Last session, O'Malley took a backseat to assembly members, on the theory that his imprimatur would make the issue more polarizing and scare off Republican members. In the end, Republican votes never materialized, Dems got scared off and the initiative failed. This time, he's choosing a different strategy, eyeing the tactics Gov. Andrew Cuomo used to pass marriage equality in New York -- including, perhaps, his appeal to influential conservatives who happen to support gay rights.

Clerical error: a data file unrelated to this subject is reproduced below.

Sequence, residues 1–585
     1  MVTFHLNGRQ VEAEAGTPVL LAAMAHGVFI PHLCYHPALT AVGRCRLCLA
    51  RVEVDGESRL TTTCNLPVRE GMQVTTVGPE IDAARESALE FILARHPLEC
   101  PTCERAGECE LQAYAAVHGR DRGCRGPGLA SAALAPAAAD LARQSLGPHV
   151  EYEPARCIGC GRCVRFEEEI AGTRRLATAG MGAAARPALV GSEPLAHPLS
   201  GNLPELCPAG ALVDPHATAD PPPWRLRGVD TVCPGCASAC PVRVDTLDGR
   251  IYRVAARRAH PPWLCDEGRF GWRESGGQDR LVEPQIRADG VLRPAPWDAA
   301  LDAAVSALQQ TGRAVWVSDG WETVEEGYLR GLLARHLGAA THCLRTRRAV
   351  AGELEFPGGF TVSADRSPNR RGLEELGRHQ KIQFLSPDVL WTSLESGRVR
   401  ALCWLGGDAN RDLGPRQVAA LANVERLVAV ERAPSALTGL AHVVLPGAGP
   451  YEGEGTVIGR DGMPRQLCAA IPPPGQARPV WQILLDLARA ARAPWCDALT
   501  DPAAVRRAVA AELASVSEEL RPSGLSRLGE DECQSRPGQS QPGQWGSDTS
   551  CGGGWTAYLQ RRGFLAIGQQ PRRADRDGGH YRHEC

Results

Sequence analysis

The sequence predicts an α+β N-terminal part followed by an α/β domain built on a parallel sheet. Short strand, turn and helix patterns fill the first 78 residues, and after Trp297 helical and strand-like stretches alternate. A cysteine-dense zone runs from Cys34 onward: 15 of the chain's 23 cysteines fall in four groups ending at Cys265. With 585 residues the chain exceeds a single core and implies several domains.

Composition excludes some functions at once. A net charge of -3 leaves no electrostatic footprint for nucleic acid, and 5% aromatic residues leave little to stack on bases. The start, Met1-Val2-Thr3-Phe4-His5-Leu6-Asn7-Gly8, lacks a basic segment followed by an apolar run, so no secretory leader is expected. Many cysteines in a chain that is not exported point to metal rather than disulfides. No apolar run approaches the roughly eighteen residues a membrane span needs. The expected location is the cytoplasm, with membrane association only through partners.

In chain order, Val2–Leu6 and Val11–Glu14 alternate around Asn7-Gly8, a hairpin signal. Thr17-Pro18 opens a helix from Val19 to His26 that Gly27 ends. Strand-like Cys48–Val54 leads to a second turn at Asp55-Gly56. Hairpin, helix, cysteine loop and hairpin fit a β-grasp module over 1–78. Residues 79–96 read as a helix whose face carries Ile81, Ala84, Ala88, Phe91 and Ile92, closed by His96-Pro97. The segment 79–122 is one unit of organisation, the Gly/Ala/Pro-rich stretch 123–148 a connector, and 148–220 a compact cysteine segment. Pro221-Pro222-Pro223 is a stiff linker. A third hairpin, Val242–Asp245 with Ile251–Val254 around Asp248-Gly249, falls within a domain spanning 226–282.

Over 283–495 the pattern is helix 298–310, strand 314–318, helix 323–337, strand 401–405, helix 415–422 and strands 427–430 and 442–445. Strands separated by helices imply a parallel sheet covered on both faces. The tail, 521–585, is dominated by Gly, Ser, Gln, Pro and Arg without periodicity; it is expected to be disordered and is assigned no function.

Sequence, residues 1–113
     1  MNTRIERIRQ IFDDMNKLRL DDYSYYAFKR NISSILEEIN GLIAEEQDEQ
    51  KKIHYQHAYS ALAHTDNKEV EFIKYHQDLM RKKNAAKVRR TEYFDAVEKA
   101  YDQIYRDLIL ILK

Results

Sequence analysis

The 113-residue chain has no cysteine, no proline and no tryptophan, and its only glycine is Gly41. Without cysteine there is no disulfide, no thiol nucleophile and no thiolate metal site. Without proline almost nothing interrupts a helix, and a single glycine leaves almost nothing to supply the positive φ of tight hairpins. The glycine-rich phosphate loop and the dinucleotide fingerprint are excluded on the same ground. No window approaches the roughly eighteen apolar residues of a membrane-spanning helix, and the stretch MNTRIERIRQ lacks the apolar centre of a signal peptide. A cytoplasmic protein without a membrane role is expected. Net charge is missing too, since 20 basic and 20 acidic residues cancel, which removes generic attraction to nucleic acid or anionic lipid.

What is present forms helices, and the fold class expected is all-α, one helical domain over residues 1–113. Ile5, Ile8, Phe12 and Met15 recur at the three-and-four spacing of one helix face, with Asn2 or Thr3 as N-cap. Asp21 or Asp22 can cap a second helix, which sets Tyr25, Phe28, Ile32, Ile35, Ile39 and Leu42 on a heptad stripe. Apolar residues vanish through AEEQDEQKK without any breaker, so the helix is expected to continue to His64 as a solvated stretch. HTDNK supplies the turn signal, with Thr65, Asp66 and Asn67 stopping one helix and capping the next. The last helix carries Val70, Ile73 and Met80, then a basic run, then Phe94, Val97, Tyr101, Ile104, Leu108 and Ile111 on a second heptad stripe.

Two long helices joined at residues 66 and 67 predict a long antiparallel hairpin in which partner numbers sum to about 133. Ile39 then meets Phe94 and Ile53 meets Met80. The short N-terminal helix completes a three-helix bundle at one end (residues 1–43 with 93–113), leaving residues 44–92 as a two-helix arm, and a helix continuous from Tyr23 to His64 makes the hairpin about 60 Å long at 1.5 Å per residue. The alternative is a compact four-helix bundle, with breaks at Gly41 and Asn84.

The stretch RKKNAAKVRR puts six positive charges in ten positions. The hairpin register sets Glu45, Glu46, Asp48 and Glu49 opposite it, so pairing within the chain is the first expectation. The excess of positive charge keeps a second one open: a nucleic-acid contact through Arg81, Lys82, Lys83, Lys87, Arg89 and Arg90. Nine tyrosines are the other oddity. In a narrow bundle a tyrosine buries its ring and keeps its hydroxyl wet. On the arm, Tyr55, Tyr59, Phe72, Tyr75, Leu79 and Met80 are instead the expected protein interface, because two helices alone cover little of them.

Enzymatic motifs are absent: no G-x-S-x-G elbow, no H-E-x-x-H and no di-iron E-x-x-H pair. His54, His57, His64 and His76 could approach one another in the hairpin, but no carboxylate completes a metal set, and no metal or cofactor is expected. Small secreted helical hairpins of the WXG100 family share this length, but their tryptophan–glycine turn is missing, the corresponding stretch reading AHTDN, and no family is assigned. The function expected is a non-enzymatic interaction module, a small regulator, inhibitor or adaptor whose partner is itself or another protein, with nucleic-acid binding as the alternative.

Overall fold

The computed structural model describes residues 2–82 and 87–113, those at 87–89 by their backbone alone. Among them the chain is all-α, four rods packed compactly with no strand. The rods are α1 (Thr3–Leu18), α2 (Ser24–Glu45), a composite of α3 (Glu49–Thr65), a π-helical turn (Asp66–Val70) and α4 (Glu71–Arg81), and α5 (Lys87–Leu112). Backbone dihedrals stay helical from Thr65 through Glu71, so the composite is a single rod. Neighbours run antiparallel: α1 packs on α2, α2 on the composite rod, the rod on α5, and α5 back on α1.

"Sure," O'Malley said. "I think every state tries to learn -- I think we all try to learn from one another. I'm sure there were things that they learned from our inability to get this done. And similarly we will learn from what they did."
That means a more central role for O'Malley himself "What can we try differently that we haven't already done in order to get this passed," he said. "We thought the right approach last time was to allow a less partisan space to resonate around the issue."
Left unaddressed in our interview was the extent to which base mobilization ahead of the 2012 elections has factored into his plans. But I asked him whether he'd made the decision to see the issue through and push hard even if things fall apart again.
"Yes," he said.